Still, the President’s action will not close the loopholes in the system, namely preventing gun sales from unlicensed sellers. This country is plagued by an enormous person-to-person, and Internet market for firearm sales. While the President’s clarification of the existing law is significant, much work remains to be done in Congress to pass legislation aimed at gun sales from non-licensed sellers.

Make our communities safer from gun violence

America’s problems with gun violence are multifactorial, requiring authority and action at the local, state, and federal level. Accordingly, the President’s actions foster coordination at varying levels of government by improving the reporting systems, dedicating more resources to tracking illegal gun sales and stolen guns, increasing federal personnel dedicated to background checks and other ballistic reporting systems, and encouraging states to provide records to the background check system and to improve reporting. Clarifications on reporting, including in the case of mental illness, will foster a more robust federal database aimed at keeping firearms out of the hands of dangerous people.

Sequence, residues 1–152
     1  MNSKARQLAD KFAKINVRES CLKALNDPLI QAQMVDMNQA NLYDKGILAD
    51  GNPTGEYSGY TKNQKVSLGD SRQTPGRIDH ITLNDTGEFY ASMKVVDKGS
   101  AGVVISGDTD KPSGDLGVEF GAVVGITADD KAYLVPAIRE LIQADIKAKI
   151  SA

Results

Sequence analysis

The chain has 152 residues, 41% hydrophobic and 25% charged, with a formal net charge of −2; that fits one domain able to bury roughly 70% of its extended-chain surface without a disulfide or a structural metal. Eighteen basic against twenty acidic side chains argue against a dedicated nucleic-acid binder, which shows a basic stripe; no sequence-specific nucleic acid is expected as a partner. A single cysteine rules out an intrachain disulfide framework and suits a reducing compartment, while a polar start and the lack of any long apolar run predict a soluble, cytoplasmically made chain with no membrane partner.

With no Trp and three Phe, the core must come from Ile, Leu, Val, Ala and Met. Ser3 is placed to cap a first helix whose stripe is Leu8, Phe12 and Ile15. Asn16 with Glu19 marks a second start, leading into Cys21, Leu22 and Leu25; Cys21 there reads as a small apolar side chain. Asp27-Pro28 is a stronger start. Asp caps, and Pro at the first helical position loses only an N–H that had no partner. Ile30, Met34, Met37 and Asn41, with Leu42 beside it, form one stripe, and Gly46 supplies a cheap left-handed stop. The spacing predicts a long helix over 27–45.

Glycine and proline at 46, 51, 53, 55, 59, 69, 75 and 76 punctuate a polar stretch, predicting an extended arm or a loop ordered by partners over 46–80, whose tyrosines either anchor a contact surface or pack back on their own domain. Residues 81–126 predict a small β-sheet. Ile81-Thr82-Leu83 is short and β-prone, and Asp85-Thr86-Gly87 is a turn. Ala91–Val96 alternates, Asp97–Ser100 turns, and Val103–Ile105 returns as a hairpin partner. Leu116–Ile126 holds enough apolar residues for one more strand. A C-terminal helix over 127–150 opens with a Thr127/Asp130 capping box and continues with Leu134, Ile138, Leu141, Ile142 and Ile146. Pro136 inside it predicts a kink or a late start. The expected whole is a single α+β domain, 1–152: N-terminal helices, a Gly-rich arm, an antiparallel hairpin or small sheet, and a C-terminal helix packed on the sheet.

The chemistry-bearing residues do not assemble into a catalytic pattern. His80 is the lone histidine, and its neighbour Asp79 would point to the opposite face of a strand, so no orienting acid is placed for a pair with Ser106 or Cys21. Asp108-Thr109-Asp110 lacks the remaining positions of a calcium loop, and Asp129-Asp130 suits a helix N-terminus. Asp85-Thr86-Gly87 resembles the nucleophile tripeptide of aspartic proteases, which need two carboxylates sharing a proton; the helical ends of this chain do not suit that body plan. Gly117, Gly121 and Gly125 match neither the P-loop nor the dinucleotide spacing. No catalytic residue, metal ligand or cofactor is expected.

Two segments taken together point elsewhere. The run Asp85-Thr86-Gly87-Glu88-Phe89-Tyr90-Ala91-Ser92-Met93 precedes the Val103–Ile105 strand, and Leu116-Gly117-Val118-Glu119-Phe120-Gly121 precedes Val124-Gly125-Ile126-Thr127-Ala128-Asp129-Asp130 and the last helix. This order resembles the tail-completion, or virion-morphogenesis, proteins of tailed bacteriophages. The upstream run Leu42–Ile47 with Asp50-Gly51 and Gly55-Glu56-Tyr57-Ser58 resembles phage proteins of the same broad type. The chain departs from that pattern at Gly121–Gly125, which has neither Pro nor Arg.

The president singled out a pledge to victims of domestic violence, urging local law enforcement to work with the office of United States Attorneys to prevent prohibited persons from obtaining firearms. In families experiencing issues of domestic violence, access to a firearm leaves vulnerable family members 12 times more likely to die in an assault.[2] Ironically, a great majority of the statistics on domestic violence related-injuries comes directly from the Centers for Disease Control (CDC), the same agency that is hamstringed when it comes to researching ways to prevent gun violence.